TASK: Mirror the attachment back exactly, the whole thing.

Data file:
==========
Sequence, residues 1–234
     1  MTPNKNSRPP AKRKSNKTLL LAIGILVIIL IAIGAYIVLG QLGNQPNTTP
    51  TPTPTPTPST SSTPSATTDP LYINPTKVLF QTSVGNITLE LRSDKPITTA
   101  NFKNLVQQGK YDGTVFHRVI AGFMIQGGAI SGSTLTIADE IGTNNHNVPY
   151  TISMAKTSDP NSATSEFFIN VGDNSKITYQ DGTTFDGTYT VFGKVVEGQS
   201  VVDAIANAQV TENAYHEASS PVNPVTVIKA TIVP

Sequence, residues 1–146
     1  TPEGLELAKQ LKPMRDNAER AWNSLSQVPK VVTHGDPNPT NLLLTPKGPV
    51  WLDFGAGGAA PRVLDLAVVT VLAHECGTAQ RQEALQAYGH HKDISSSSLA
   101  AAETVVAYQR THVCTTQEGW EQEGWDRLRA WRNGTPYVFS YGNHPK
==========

Sequence, residues 1–234
     1  MTPNKNSRPP AKRKSNKTLL LAIGILVIIL IAIGAYIVLG QLGNQPNTTP
    51  TPTPTPTPST SSTPSATTDP LYINPTKVLF QTSVGNITLE LRSDKPITTA
   101  NFKNLVQQGK YDGTVFHRVI AGFMIQGGAI SGSTLTIADE IGTNNHNVPY
   151  TISMAKTSDP NSATSEFFIN VGDNSKITYQ DGTTFDGTYT VFGKVVEGQS
   201  VVDAIANAQV TENAYHEASS PVNPVTVIKA TIVP

Sequence, residues 1–146
     1  TPEGLELAKQ LKPMRDNAER AWNSLSQVPK VVTHGDPNPT NLLLTPKGPV
    51  WLDFGAGGAA PRVLDLAVVT VLAHECGTAQ RQEALQAYGH HKDISSSSLA
   101  AAETVVAYQR THVCTTQEGW EQEGWDRLRA WRNGTPYVFS YGNHPK